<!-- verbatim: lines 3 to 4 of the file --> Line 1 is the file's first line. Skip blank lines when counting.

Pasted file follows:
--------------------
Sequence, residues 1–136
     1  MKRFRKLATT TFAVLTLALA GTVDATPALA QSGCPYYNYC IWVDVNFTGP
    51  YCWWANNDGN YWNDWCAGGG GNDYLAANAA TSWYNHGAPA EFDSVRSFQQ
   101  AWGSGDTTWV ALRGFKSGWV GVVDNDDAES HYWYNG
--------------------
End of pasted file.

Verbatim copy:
    51  YCWWANNDGN YWNDWCAGGG GNDYLAANAA TSWYNHGAPA EFDSVRSFQQ
   101  AWGSGDTTWV ALRGFKSGWV GVVDNDDAES HYWYNG